Septic systems can represents a big problem for your house if they are not working properly. Here you have some practical rules to avoid bigger problems and also how to diagnose them early:
Check the capacity of your septic tank: normally residential septic tanks range from 1,000 – 2,000 gallons, with the great majority of them being 1,500. So, they are easy to be filled up by liquid. A family of 4 people normally spend 150 gallons of water per day – so in 10 days your septic tank will be full, and the water will have to flow to the distribution box and then to the leach field. With no problems in the way a septic tank like this one here has to be drained every 18-24 months depending on your use
2. Don’t throw away solid waste in your sink / toilets: paper towel that are specific for septic tanks are available in the market, and you have to use just this type. If you have an in sink garbage disposal take care not to put meat and egg shelves on it. They can clog the filter in the tank.
3. If your grass are very green close to the septic access riser you probably have water from the sink in the ground – normally this is more visible during the spring and summer time, and it is a signal that the grass is being “fertilized” by the components of the waste material coming from the sink.
4. Toilet and drain backup – this is normally a late phase of a problem. Before that other signs were missed by yourself. Odor and liquid flushing near the riser is normally present before you notice a backup water in your sink or toilet. Call a service as soon as possible to pump your septic – they will also clean the filter, that is normally the problem if the septic system is a new one.
5. Distribution box problems: remember to check the trees close to the system. The tree roots could be blocking one or more pipes, or even the entire D-box sometimes. Remove roots and seal joints where roots entered if possible. Remember that an uneven D-box will not effect leach bed as severely, because water will find its own level through stone.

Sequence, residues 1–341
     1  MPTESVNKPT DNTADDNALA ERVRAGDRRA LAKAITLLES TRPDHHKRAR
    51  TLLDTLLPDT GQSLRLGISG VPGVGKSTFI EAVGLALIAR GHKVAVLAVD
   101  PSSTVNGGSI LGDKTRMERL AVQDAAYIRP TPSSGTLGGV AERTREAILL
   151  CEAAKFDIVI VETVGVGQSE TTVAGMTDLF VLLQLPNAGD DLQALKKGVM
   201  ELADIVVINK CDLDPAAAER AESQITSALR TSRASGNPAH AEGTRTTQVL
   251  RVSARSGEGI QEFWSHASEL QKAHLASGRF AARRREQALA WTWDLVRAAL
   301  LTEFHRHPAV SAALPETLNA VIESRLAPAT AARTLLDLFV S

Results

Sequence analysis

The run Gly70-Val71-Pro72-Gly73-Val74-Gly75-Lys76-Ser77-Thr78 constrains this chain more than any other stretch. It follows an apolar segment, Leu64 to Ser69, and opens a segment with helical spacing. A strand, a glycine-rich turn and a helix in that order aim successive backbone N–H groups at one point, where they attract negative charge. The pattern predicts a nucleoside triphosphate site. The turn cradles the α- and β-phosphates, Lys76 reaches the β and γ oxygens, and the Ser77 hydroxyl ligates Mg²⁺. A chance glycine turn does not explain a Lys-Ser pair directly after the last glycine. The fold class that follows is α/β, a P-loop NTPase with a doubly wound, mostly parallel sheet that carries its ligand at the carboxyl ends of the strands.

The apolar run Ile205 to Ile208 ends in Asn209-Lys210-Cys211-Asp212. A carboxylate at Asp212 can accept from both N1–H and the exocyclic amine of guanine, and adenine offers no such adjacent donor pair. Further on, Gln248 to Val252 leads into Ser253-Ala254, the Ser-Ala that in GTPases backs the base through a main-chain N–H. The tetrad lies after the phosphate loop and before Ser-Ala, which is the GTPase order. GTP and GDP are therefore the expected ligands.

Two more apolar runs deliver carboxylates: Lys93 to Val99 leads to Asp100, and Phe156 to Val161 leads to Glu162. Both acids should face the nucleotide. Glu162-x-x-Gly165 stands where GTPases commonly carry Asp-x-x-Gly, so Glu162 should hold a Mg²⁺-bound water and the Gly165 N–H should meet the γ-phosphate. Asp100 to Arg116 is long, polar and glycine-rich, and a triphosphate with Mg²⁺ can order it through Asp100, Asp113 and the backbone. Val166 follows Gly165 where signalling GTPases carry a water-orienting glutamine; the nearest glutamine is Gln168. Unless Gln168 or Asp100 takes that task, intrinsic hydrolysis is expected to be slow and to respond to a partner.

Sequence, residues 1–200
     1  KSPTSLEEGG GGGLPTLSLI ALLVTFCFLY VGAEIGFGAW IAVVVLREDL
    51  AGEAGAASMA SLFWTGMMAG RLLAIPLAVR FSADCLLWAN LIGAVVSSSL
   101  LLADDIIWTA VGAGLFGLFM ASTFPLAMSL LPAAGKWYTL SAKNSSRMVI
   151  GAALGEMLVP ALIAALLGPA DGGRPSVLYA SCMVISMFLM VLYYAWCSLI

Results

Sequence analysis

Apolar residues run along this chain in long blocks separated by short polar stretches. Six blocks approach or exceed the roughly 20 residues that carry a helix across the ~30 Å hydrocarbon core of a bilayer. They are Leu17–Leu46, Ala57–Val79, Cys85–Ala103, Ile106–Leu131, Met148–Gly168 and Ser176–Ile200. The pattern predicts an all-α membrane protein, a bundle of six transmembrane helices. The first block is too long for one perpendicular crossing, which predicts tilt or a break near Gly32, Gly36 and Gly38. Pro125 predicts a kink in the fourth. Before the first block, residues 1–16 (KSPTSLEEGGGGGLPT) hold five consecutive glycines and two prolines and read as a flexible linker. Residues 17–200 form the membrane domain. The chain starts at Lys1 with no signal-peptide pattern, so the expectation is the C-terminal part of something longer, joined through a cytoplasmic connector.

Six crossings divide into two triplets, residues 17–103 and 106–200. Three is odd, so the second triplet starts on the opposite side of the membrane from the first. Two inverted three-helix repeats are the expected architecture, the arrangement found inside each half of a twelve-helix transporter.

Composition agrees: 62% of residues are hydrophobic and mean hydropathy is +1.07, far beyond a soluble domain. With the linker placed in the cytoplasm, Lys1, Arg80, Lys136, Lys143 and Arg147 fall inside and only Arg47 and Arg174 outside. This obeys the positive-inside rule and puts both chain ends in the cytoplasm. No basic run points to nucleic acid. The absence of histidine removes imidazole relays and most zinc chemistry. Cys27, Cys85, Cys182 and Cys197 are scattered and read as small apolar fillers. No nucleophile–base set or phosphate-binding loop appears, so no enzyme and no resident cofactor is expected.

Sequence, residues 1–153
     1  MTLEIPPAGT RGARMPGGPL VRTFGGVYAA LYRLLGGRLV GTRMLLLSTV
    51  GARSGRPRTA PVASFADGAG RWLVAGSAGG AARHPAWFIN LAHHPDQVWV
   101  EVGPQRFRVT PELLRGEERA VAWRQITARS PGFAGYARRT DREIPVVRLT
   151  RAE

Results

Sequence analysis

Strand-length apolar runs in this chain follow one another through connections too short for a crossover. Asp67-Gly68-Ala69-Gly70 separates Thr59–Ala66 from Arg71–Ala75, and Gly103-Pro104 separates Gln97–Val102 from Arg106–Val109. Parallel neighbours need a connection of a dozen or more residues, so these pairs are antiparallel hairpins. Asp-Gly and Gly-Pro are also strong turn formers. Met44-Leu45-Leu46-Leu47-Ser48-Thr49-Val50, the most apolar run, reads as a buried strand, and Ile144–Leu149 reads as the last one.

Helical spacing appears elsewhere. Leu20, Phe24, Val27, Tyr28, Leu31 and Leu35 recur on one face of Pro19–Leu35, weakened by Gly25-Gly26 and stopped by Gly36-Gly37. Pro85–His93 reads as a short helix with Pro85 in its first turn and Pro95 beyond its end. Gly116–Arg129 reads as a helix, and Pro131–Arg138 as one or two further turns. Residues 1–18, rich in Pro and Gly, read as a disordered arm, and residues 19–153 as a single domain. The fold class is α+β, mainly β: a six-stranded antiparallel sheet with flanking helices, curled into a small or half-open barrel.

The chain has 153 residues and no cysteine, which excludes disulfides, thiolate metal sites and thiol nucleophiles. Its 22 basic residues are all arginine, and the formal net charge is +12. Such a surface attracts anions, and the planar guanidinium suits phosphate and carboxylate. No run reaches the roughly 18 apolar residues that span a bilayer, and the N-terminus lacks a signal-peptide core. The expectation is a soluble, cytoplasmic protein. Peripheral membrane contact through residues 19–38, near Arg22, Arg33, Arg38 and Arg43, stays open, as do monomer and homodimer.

During the last 5-10 years we are listening that solar will become the cheapest source to produce power in many countries. Unfortunately this is not the reality yet here in the USA, despite many states are trying to push hard the system. California, for example, is thinking about a law that will put an obligation for every new home to have a solar panel system to generate energy. I can image how home builders there are afraid of this proposal – and probably the price for customers there to buy a house will jump more.
I am a big believer in solar energy, and in my opinion this has to be a matter of study. Nevertheless the panels are still very expensive, and even with some government incentives it takes a lot of time to have your money back. In Massachusetts, depending on your house will be built, you just will have your money back in no less than 7-10 years, depending on the amount of panels you installed.
Gas continues to be the cheapest way to move in terms of energy, even in the New England region (where the prices are among one of the highest in the US). But I think that if you can afford the price it is worthy. I have them here in my home (12 panels) and for a house of more than 3,000 sf I pay no more than 150 dollars per month during the summer time. Also, every quarter, I have a deposit of 250 dollars in my account, because of the energy that can be sold in the market. But when I remember that I’ve paid of it around 18,000 dollars I also remember that the investment will take some time to break-even (around 8 years in my case).
As I mentioned I am a strong believer of solar panel energy, but I think the companies and the government has to continue to put efforts to find the best way to provide customers a more affordable price.
Today we are just in the flow of the 4th of July holiday week, so we decided to be soft on the technical aspects of our blog. The tip of the day is about a great reading if you are curious about HOW YOUR HOUSE WORKS.